Business leaders fear for Israel's economic future

Heads of Israeli business organizations pen letter to Netanyahu, urging government to form a plan to prevent brain drain.

August 2, 2016 11:39
2 minute read.
View of the Azrieli Towers in Tel Aviv.

View of the Azrieli Towers in Tel Aviv.. (photo credit: REUTERS)


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In a letter to the prime minister, heads of Israeli business organizations say companies and well-educated people are leaving the country.

Shraga Brosh, president of the Manufacturers Association of Israel, Dov Amitai, president of the Israel Farmers Association, Yair Seroussi, president of the Association of Banks in Israel, and other business leaders, have written to Prime Minister Benjamin Netanyahu asking him to set annual growth targets for the Israeli economy and to redefine the conduct of economic and social policy.

The signatories to the letter contend that a lack of economic management represents a danger to the State of Israel's economic and social future. "We appeal to you out of genuine concern for the social and economic future of the State of Israel, and in the belief that by combining forces we will be able to improve the future of the state's eight million citizens."

According to the letter, the main causes of the present situation are "an increasing regulatory burden, extreme damage to private property rights, rising costs of doing business, and an unprecedented wave of privately sponsored legislation, without international parallel, that has turned the Israeli economy into one of the most difficult places in the world to run a business."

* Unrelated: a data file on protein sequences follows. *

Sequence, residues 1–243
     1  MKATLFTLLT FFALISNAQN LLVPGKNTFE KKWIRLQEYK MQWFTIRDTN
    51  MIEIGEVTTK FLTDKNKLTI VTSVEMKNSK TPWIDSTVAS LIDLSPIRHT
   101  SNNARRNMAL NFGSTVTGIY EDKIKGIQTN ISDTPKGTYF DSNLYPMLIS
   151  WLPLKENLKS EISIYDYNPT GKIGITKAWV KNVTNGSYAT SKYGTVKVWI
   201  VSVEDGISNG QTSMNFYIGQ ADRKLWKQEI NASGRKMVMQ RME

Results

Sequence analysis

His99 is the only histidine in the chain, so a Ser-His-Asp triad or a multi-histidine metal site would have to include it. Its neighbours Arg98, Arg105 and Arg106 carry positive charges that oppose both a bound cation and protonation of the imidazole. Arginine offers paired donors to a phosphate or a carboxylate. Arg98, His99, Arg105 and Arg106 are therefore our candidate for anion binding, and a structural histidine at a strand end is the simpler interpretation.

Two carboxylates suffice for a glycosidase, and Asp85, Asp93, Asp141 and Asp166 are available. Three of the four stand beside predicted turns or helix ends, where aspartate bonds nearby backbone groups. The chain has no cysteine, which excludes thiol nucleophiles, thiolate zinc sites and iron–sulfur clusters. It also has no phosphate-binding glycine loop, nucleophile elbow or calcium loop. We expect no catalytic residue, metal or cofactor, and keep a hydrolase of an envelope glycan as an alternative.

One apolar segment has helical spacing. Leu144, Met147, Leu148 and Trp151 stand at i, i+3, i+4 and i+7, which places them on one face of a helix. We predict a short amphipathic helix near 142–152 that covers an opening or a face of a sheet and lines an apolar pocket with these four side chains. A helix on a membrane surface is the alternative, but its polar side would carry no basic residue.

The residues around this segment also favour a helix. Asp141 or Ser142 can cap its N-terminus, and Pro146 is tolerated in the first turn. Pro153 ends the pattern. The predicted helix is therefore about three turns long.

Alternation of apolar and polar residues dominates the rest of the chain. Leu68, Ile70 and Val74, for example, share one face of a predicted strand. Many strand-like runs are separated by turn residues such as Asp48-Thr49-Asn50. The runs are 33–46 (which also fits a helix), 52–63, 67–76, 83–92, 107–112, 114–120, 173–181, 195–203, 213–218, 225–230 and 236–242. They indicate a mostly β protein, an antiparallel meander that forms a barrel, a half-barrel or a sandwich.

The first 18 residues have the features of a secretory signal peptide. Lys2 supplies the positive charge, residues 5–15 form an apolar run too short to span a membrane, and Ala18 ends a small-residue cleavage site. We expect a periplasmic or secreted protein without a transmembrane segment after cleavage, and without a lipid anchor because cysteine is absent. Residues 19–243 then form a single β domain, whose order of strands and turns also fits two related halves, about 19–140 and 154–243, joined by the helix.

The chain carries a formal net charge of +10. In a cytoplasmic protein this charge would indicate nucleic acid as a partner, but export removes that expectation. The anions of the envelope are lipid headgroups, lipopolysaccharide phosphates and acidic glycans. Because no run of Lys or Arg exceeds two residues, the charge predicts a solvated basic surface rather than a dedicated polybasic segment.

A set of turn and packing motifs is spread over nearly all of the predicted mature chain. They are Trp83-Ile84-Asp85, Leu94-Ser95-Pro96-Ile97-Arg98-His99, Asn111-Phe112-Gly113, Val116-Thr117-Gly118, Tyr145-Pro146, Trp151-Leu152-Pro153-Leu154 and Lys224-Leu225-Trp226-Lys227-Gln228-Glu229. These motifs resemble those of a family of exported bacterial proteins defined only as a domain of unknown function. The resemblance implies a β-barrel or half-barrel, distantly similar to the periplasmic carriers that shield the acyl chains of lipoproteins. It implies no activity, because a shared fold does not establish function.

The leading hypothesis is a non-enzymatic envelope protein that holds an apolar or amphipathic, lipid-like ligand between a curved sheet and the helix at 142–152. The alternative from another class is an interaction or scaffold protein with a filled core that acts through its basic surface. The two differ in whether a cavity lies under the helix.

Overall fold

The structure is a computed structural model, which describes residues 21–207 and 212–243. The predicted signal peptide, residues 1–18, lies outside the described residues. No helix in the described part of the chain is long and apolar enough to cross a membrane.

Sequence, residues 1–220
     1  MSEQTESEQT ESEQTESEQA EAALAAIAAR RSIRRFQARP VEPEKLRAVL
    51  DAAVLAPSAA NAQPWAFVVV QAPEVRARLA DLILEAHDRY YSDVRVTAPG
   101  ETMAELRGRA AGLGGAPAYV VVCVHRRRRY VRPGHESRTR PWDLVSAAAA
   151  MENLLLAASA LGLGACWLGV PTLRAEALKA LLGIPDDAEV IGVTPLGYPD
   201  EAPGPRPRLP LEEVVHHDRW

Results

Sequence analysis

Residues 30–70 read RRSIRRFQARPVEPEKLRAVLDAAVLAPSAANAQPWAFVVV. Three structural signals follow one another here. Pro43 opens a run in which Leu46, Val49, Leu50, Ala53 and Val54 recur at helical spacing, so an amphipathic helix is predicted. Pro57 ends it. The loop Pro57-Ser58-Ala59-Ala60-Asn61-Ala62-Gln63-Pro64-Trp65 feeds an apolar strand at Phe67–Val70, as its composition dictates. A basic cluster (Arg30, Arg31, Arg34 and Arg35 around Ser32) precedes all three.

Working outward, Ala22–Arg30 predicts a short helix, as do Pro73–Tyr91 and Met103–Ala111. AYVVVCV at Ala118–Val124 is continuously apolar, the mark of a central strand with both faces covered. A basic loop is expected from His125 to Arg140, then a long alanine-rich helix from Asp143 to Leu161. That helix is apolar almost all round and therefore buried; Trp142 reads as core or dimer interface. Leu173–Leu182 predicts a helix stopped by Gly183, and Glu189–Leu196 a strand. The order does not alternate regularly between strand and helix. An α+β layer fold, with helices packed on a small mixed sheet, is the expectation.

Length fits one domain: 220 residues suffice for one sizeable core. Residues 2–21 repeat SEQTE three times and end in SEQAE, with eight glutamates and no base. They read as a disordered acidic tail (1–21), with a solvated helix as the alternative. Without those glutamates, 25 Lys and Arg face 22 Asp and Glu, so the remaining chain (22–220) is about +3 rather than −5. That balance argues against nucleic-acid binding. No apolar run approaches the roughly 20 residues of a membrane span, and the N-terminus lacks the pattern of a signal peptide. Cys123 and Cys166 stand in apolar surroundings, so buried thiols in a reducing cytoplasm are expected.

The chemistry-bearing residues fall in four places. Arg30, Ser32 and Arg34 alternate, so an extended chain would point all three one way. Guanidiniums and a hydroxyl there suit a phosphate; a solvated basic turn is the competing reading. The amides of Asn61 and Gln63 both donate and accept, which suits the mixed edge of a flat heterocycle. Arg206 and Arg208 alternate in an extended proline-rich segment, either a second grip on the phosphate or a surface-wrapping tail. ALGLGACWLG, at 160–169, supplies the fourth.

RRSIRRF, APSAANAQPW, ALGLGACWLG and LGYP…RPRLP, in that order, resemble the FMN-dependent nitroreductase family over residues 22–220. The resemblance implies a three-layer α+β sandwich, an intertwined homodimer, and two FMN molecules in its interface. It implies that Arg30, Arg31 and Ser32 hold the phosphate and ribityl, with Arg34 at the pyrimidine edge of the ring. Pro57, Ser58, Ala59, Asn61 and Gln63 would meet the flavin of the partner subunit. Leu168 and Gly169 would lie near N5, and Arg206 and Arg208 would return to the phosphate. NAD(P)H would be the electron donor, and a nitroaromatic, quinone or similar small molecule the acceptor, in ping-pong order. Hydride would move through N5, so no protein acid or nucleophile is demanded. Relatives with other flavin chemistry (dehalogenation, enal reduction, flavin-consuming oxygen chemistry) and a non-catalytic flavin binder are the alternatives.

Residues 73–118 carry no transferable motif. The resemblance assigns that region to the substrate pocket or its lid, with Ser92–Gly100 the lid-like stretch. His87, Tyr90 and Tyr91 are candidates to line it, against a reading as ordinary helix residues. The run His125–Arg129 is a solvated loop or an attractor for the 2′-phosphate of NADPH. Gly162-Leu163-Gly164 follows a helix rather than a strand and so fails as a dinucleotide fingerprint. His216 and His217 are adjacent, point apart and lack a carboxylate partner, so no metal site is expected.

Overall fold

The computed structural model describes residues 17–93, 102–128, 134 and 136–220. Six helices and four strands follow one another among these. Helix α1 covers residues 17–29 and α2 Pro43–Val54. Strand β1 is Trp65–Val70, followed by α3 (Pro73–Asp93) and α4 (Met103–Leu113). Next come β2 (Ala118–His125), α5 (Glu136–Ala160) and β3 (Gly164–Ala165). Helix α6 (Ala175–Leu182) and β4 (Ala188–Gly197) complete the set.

The letter further states: "In all branches of the private sector there is a growing trend of transferring business activity outside Israel. Even worse, because of the low level of disposable income in Israel in comparison with developed countries, economically strong and educated people are also choosing to transfer their place of residence outside Israel, and these trends pose dangers to Israel's economic and social future."

The business leaders seek to set a growth target of 5-6% annually for the Israeli economy, accompanied by targets for narrowing the gap in standard of living between citizens of Israel and citizens of the developed countries.

"We are asking you to instruct the economic ministries to draw up a multi-year strategic plan designed to meet these growth targets by substantially and immediately improving the business environment, with the aim of bringing about faster growth and boosting productivity and disposable income in the economy," the business leaders write.

In addition, the signatories to the letter ask Netanyahu to give instructions that these changes should be part of the economic plan and the state budget for 2017-2018.

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